(Part 3 of A Wild Theory About The Future of Classical Music)
Let me start by saying a Happy New Year to all my readers! I don’t know what you got up to over the holidays / vacation period, but one of the things I did was go and see La La Land. I quite enjoyed it, with its mix of chirpiness and melancholy, but I’m aware it may not have been to everybody’s taste.
La La Land on the Ageing Audience and Musical Liking
What was of interest, however, was a great exchange of dialogue between Emma Stone and Ryan Gosling that dealt with the topic that I’ve been discussing on this blog. Sadly, with no copy of the screenplay in front of me and no clips on YouTube, this will have to be an approximation of the dialogue from my memory, not a word-for-word reproduction.
The scene starts on the Warner Brothers studio lot. Our two leads are Sebastian (Gosling), a pianist who wants to open his own classic jazz club and Mia (Stone) an aspiring actress who bombs out on audition after audition and who is currently working in the coffee shop at the WB lot. We’re 45 minutes into the film, and they’re starting to like each other. Sebastian is asking Mia lots of questions, she’s telling him about her acting dreams. And then she suddenly says, ‘Oh, by the way, I have to tell you that I hate jazz.’
‘When I hear it, I don’t like it.’
He comes to a dead halt, stops walking and says, ‘Sorry, what did you say? You hate jazz?’
Mia: ‘Yeah. When I hear it, I don’t like it.‘
We then cut to a fantastic conversation in a jazz club where Sebastian is desperately trying to sell Mia on the intricacies of jazz. Meanwhile, Mia throws out all sorts of entertaining interjections, such as: ‘Well, what about Kenny G? Is he okay? Or back when I came home, we had a station that played smooth jazz. That was pretty good. You just put it on and listened to it in the background.’
Finally, Sebastian gives up in despair and says: ‘Jazz is dying. The only people who want to listen to it are over 90 years old. It’s dying and no one cares if it dies.‘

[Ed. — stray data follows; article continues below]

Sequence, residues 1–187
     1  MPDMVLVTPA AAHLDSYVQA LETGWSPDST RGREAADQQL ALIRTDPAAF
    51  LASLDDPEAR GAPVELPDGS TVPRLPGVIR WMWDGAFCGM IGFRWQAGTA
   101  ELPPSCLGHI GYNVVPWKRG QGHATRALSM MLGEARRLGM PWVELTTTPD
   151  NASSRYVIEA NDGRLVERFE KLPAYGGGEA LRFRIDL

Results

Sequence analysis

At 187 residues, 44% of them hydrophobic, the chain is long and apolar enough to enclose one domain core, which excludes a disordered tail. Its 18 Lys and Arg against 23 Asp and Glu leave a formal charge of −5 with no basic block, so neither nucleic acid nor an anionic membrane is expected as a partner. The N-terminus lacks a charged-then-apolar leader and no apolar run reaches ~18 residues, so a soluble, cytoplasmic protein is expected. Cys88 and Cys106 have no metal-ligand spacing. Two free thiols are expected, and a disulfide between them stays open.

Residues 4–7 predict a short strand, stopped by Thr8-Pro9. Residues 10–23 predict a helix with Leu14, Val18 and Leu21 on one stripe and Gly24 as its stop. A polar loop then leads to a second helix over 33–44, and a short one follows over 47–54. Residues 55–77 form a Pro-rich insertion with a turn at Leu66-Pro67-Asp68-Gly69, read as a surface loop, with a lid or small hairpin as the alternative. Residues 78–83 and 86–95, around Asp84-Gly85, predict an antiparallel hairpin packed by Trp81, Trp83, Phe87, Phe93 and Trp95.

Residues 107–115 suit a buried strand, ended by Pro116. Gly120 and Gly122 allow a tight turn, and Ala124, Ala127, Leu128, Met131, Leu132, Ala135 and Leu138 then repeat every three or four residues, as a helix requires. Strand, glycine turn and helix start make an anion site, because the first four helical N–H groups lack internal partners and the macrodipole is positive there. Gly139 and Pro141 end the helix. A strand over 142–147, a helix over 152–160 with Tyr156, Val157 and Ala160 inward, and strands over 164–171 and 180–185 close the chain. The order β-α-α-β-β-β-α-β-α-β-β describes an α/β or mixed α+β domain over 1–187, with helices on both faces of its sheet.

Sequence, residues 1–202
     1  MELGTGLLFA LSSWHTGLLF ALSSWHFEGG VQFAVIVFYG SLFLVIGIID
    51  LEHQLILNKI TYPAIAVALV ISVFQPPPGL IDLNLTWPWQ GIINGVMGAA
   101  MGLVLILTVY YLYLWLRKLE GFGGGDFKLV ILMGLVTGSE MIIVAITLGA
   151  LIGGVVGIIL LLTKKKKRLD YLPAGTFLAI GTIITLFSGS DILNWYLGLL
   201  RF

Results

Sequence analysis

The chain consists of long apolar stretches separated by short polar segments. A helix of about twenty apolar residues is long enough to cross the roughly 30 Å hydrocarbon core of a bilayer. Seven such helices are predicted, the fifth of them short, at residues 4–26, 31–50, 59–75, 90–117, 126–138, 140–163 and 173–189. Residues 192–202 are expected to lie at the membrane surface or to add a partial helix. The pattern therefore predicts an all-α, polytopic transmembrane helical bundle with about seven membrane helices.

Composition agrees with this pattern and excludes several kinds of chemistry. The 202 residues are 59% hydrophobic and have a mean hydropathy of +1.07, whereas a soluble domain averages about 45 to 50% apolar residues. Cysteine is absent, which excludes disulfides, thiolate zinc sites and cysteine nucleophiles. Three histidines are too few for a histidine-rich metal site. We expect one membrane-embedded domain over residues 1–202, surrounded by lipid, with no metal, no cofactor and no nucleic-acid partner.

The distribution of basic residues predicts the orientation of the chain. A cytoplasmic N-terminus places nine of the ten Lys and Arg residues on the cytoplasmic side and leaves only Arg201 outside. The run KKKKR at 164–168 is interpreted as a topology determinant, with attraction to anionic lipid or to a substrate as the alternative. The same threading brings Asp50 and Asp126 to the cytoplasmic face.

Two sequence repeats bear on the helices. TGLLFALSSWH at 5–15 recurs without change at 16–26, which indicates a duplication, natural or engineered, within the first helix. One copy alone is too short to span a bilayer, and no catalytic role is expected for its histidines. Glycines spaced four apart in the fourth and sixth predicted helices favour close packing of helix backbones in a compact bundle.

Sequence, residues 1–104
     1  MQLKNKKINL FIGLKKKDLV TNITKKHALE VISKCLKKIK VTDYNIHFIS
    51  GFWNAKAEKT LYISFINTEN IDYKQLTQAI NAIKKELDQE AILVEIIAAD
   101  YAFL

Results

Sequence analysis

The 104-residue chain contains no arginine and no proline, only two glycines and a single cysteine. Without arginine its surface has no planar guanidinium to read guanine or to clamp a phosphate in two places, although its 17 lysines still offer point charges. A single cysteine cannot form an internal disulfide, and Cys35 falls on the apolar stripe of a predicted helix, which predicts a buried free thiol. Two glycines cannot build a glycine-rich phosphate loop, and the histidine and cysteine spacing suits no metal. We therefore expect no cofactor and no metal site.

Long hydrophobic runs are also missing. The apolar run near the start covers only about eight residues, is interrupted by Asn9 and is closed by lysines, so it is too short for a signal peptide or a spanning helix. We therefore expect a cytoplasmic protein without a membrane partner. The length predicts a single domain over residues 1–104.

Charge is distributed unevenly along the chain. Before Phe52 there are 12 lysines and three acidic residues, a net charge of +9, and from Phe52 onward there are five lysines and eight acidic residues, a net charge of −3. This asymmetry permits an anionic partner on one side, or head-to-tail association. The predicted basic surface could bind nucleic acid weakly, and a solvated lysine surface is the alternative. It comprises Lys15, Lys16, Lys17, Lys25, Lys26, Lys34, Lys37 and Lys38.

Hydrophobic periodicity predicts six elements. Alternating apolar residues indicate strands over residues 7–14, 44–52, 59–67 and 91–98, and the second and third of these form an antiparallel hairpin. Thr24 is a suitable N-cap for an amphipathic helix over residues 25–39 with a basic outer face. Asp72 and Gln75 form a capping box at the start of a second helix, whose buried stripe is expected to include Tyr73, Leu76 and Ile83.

Thank you, Ryan Gosling and Emma Stone. In five minutes of great scripting and acting, they managed to sum up the whole of my last blog post.
Like jazz, classical music is a type of music that also has most of its fans in their older years. (To be fair, they’re not all in their 90s, though.) There are a lot of people who don’t care if it dies out. Many people don’t like it when they hear it. And is it okay to just listen to classical music in the background? What about crossover artists? Why aren’t they counted as ‘classical’?
So this leads us back to the original question: what makes people like a certain type of music? Why does Mia hear jazz and not like it, when the music is so powerful to Sebastian?
The Three Ps of Music Liking
There is no definitive consensus on why people like some music and not others. In fact, even defining what should and should not be counted as music is a tricky question. (I’m currently reading a book called Music and the Mind by Anthony Storr that attempts to tackle some of these issues.)
But, nonetheless, there are enough books, research and anecdotal evidence floating around to put together some hypotheses on what things influence our musical taste. So we’re utterly clear, all of the following is my hypothesis on the topic. Nobody has currently completed a solid research project on all of this for classical music yet. (But if anybody is keen on looking at this, do let me know! I’d love to hear from you.)
From everything I’ve seen over the last decade, I feel that the secret of why people like any type of music, lies in three factors. For my five-minute version of this talk mentioned in my first post, I needed to come up with a concise way of summing up my ‘wild theory’. Perhaps it’s my Presbyterian upbringing and sitting through too many three-point sermons, but I hit upon a nice alliteration for the three factors:
- Purpose – people have certain purposes for listening to music and they like music that meets those purposes.
- Personal Connection – people like music when they have a personal connection either to the music or people who like that music themselves.
- Pattern Matching – people like music when their brains can make sense of the ‘pattern’ of the music.
Over the next few blog posts, I’ll dig into the ‘Three Ps’ a bit more. I’ll go into:
- Some of the evidence for them.
- How the three Ps work in combination.
- Can we control these factors to influence people’s musical tastes?
- What might this mean for the future of the classical music industry?